The Militant (logo)  
   Vol. 71/No. 5           February 5, 2007  
U.S. soldier fights court-martial
for refusing to deploy to Iraq
TACOMA, Washington—The U.S. Army will begin a court-martial February 5 against Lt. Ehren Watada for his outspoken opposition to the U.S.-led war in Iraq. Defenders of the rights of citizen-soldiers have been organizing public events in his defense. Watada, 28, faces dishonorable discharge and up to six years in military prison. He is the first commissioned officer to refuse to be deployed to Iraq.

Some 340 people turned out here January 20-21 for a “Citizens Hearing on the Legality of U.S. Actions in Iraq: The Case of Lt. Ehren Watada.” It was held at Evergreen State College, which hosted the event.

Watada, who enlisted in 2003, has been stationed at Fort Lewis, Washington, as part of the army’s 4,000-member Stryker Brigade. In January of last year he asked to resign his commission, writing, “It is my conclusion as an officer of the Armed Forces that the war in Iraq is not only morally wrong but a horrible breach of American law.” Watada’s request was denied. On June 7 he publicly announced he would refuse any order to participate in the Iraq war.

The army has charged Watada with “missing movement” to Iraq and “conduct unbecoming an officer and a gentleman.” The latter charge is based on his public statements against the war.

On January 16, Army judge Lt. Col. John Head denied Watada’s motion to defend himself on grounds that the Iraq war is illegal and that his speech against it is constitutionally protected.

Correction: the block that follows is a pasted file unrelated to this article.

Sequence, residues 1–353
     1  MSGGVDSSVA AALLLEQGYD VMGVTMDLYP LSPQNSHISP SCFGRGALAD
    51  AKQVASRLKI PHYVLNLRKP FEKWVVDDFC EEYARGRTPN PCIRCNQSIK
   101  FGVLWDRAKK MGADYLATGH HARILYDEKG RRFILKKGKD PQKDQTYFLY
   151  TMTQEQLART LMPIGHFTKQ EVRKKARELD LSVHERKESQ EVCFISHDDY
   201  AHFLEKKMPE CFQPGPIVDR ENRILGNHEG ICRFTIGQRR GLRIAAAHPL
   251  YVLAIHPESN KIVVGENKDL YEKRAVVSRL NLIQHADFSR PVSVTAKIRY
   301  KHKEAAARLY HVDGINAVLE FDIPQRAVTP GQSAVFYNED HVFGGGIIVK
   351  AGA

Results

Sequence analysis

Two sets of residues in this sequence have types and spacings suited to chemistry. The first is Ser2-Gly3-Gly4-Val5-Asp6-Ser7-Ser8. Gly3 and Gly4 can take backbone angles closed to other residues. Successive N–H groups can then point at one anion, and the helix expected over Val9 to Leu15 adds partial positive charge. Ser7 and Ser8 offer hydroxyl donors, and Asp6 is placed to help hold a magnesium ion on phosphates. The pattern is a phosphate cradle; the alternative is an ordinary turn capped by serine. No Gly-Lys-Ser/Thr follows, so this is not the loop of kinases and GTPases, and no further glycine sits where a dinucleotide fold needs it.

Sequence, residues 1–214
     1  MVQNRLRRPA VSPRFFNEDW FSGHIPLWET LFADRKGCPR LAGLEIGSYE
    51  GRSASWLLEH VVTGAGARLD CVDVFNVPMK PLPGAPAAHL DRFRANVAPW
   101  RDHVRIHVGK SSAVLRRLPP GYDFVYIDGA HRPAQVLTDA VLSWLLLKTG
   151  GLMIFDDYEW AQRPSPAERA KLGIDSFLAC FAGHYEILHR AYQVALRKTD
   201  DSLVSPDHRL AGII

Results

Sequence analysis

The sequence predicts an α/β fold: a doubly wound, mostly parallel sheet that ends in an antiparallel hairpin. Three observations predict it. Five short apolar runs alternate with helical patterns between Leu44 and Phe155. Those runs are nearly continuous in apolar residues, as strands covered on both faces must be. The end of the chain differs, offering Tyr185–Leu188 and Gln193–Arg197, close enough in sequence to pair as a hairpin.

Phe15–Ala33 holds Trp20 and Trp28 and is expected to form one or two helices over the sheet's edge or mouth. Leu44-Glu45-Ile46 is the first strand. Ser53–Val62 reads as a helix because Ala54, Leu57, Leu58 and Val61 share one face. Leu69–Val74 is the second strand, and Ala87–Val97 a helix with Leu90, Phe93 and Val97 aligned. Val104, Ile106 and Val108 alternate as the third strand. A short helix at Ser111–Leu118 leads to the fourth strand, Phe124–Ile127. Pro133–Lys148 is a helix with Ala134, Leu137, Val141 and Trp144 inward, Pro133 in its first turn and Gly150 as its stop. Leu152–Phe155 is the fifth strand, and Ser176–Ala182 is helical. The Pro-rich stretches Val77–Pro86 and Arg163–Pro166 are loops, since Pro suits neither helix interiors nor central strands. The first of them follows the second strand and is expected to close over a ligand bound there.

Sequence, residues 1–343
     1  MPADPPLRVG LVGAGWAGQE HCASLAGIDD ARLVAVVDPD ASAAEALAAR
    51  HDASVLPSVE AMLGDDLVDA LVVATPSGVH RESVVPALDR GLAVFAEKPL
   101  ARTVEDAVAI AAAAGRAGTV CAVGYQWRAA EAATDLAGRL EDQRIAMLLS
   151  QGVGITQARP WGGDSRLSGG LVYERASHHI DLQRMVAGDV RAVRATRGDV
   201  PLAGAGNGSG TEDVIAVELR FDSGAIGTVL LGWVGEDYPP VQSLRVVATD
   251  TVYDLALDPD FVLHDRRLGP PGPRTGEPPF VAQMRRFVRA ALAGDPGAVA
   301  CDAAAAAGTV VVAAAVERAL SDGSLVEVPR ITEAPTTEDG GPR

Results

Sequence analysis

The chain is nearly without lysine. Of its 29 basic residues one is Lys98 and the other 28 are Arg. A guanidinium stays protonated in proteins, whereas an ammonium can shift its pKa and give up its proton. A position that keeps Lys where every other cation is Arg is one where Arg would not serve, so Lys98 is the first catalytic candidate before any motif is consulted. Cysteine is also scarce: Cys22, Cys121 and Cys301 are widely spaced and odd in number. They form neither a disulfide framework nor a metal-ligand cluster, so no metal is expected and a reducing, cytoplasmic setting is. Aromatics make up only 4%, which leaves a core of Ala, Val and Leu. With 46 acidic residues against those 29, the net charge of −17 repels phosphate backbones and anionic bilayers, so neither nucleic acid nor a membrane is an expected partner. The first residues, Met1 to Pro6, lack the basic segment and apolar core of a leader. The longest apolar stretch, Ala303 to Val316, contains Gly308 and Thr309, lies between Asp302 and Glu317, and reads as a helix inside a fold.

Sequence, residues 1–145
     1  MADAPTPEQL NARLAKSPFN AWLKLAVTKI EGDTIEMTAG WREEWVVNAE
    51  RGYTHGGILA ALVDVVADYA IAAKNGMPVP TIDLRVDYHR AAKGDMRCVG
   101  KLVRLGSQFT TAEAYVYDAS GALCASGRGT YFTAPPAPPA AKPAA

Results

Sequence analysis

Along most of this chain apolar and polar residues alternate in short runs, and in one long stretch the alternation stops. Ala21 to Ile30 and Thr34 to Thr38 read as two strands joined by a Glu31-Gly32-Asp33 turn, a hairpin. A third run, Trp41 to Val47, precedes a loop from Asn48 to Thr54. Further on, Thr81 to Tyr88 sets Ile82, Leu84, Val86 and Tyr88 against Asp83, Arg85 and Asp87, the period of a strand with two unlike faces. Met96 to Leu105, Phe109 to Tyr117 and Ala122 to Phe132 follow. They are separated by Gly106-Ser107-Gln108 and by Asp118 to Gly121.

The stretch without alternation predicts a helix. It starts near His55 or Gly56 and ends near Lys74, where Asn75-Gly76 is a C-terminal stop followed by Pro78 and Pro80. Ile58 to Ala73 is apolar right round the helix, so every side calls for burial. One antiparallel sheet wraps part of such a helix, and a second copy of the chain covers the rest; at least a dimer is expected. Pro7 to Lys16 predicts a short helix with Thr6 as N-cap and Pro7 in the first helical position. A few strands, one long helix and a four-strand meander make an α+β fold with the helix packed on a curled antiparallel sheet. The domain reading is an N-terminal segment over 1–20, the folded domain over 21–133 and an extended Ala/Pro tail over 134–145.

Watada’s attorney, Eric Seitz, said, “The import of his ruling is that the military services may prosecute and punish everyone who merely expresses criticism or disagreement with official policy.” A January 9 editorial in the Seattle Times called on the military court “to convict him of both charges and issue a dishonorable discharge.” It asserted, “Once one joins the military, one loses the freedom to speak in ways that could damage soldiers’ morale.”

At the citizens hearing, Geoffrey Millard, an eight-year veteran of the Army National Guard who joined Iraq Veterans against the War after serving 13 months in Iraq, testified that it was the policy of the military high command to “racially dehumanize” Iraqis.

Daniel Ellsberg, the former military analyst who in 1971 released the secret Pentagon Papers, which publicly exposed some of Washington’s conduct during the Vietnam War, accused President George Bush of war crimes that could be prosecuted under international law. “Our country is engaged in clear-cut aggression,” he said.

Also speaking were Eman Khammas, an Iraqi human rights advocate; Richard Falk, a Princeton University professor of international law; and Denis Halliday, a former United Nations official who coordinated UN aid in Iraq. Watada, who remains on desk duty at Fort Lewis, spoke briefly, thanking the conference organizers. He condemned the military judge’s decision as “a travesty of justice.”

The panel hearing the testimony was composed of veterans, members of military families, students, academics, local government officials, and representatives of religious groups. It will send members of Congress a report on the hearing’s findings.

Supporters of Watada distributed flyers urging people to attend the January 27 antiwar march in Seattle to demand all U.S. troops be brought home and funding for the war stopped. Watada’s defenders have called for a National Day of Action and Support for Lt. Watada on February 5, the day of the court-martial, including a protest outside Fort Lewis.
Related articles:
Imperialist war in Iraq escalates
More U.S. troops sent to Baghdad
Bipartisan support for war strong

Young Socialists: ‘Socialist revolution is only way to end imperialist wars’
Troops out of Iraq, Afghanistan now!  
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